A Great Week for Raptors
On a Thursday afternoon, I saw Mississippi Kites flying over. These birds are one of the easiest for me to identify even though they fly high up, because their silhouette is so simple and sleek, as if a minimalist drew a raptor.
The next day, I saw all three of these other raptors! Turkey Vultures I see almost every day (and Black Vultures too), but this one hung in the air on a head wind, so I got a better picture than normal.
Then I saw this hawk fly across the field and land in the very top of a pine.
And as we completed our walking loop, I saw this Red-shouldered Hawk fly up and land on a branch.
Then a few days later, the Red-tailed Hawk flew right past me too.
We have also had some Broad-winged Hawks around within the last month.
With all these different raptors, I got to wondering how they co-exist and divide up the territory, so I read a little about their diet habits.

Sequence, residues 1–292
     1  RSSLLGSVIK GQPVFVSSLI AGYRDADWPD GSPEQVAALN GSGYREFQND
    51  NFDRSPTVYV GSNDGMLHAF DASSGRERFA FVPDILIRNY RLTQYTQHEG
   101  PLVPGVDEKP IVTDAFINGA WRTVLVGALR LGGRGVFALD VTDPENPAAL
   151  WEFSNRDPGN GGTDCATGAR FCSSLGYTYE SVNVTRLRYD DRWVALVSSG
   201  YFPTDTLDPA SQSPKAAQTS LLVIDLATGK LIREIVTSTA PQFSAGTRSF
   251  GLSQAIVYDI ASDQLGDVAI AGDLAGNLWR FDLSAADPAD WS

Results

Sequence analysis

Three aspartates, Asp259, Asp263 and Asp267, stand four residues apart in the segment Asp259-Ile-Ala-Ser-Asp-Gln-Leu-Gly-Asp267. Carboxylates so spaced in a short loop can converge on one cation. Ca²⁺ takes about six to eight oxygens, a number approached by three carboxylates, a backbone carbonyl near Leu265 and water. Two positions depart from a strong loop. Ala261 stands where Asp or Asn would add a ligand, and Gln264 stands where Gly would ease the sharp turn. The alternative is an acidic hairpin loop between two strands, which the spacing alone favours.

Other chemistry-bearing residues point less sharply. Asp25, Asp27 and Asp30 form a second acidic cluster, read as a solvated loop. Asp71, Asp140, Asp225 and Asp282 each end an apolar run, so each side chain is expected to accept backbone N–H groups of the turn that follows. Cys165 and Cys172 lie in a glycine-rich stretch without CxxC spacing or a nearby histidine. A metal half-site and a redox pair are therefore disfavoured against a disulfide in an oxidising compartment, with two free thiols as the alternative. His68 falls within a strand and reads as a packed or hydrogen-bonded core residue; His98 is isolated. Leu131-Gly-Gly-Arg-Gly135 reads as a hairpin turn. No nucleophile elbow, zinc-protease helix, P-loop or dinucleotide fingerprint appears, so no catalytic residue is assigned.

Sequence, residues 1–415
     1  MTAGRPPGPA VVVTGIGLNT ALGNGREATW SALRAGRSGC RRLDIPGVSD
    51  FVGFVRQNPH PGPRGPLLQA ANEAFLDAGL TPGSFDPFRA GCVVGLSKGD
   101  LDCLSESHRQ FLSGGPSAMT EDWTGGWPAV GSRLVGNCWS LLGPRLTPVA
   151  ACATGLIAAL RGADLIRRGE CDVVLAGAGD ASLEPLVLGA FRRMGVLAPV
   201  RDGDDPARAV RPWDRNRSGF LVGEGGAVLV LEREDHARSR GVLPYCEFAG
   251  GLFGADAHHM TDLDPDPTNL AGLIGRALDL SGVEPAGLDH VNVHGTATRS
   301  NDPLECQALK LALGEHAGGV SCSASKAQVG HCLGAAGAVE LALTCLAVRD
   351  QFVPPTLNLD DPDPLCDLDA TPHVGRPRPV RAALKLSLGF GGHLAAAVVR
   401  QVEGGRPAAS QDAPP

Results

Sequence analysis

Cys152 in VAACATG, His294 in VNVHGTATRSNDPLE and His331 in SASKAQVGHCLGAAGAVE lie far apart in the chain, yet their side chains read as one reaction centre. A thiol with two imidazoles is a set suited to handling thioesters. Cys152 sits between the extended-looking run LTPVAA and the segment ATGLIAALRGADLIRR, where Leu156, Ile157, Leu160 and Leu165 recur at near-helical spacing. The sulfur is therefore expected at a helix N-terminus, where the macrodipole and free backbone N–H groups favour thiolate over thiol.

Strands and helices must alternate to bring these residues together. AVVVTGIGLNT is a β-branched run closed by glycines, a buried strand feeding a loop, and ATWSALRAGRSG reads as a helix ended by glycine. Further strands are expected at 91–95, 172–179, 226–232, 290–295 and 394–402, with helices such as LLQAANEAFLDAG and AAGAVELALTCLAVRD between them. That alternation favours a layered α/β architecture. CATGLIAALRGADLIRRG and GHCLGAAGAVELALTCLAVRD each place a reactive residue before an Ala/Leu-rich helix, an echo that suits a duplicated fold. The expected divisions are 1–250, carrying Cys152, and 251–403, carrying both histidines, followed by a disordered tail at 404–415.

Turkey Vultures of course are after carrion. Mississippi Kites eat mostly dragonflies and cicadas, but they seem to stay so much higher up in the air than I ever see those insects, I’m not sure what they’re catching around here.
That would leave Red-shouldered Hawks, Red-tailed Hawks, and Broad-winged Hawks to compete with each other. They are all buteos with broad wings and the characteristic behavior of soaring on updrafts of warm air. All of them practice the Perch-Watch-and-See-What-Turns-Up philosophy of hunting. The Broad-winged Hawk is comparable in size to a crow, so it is looking for small prey. The Red-shouldered Hawk perches and hunts below the forest canopy, and the Red-tailed Hawk also practices the hunt behaviors of soaring, kiting, and hovering.
I got all of this information from The Behavior of Texas Birds by Kent Rylander, which is a book I recommend even if you don’t live in Texas. The way he explains how the bird’s physical traits affect its behavior and vice versa is like no other guide book I’ve read. His summaries of behavior patterns makes it easier to keep all these birds clear in your mind.
As with a lot of my observations, I’m not sure if there are really more raptors here than usual, or if I’m just noticing them more.